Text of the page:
Spanish flu strains are fortunately only kept at responsible Western research labs. There are plenty of pathogens kept at less responsible research labs in the former Soviet Union and elsewhere which are more of a worry. Of course, all you need to get a strain of the Spanish flu is to dig up a victim who was buried in a coffin which isolated his body. Recently, the body of Sir Mark Sykes was exhumed for exactly this reason. Whether this was successful was not reported, though the lead coffin had actually broken. Presumably a lead, bronze or steel coffin would only be accorded a high-status or wealthy individual, but even a decomposed body might provide plenty of samples, especially in colder climes than Yorkshire. And were such a strain to re-surface, there is no reason to suppose it would not be just as virulent today as then. It would not actually be difficult to start such a pandemic, but the real trouble with bio-weapons, as all good military planners recognise, is that they are too indiscriminate and slow. Take a fanatical terrorist. Is it really likely that he will go to all the trouble of finding an appropriate victim, travelling to the site of the burial, exhume the body in secret, cart off some samples to a well-concealed laboratory, cultivate the virus, infect himself and board a jetliner headed to a busy airport? What would be the result? It might work and it might not, if it did work it would probably not strike very soon, possibly in a year, 2 or even 5, and whether it did or not, the suffering inflicted would be indiscriminate and strike people of all colours and religions equally. Not to mention that anyone with the resources for culturing the virus in a lab would hardly be so insane as to approve of the plan. It is really a simple matter: anyone with the resources to use such a delicate but indiscriminate weapon would not be foolish enough to do so.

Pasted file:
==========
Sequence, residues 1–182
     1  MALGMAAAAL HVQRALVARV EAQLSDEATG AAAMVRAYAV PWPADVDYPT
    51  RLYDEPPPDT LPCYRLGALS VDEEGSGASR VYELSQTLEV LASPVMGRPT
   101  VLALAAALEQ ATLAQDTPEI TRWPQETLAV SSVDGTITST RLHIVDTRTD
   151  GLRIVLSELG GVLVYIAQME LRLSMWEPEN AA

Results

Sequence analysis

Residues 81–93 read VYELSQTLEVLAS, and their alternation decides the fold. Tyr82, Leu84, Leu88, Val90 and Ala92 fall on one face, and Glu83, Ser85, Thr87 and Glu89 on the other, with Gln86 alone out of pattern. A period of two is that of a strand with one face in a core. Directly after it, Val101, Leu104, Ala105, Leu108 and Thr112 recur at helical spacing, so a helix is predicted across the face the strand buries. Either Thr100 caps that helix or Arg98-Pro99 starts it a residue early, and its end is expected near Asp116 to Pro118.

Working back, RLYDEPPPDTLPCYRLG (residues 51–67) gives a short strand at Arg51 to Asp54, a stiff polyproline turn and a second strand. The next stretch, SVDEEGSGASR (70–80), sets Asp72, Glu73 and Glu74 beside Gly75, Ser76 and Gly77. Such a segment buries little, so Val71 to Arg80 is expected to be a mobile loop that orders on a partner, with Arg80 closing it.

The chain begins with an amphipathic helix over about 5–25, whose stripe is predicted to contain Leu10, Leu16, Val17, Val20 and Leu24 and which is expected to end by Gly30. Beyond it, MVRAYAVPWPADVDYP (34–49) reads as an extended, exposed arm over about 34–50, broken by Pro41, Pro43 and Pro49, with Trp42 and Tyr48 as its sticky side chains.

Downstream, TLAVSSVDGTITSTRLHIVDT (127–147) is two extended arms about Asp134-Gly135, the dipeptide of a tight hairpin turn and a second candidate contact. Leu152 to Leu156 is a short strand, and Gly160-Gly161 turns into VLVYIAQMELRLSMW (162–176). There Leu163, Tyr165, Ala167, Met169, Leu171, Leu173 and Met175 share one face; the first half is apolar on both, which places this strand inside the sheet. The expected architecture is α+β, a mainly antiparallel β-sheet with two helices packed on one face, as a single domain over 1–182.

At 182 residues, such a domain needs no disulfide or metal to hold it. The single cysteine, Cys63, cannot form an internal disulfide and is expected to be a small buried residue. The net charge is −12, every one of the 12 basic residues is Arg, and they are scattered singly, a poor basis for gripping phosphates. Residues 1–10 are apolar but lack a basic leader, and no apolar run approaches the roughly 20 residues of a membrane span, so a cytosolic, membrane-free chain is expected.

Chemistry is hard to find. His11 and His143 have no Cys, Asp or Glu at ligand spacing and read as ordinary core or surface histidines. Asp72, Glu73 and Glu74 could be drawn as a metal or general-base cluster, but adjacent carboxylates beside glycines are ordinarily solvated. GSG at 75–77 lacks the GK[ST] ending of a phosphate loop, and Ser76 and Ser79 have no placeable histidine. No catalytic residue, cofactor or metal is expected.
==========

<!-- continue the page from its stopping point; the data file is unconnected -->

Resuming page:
Such specifics aside, what anjen points out is quite accurate. Foldit is about democratising protein structure prediction and design. This will have immeasurable good applications, and many potential evil ones. This is true of virtually all scientific discoveries, and is not really the business of those who make them or help them along -- nor could it be. Scientists are not the ones who wield power, who make decisions. I suggest you do not worry about these problems as a scientist, i.e. do not feel ambivalent about working on the scientific goal. If you are concerned with its applications, the answer is not to cease the science, that is to act in the scientific sphere, but to act as a citizen, in the political or social sphere.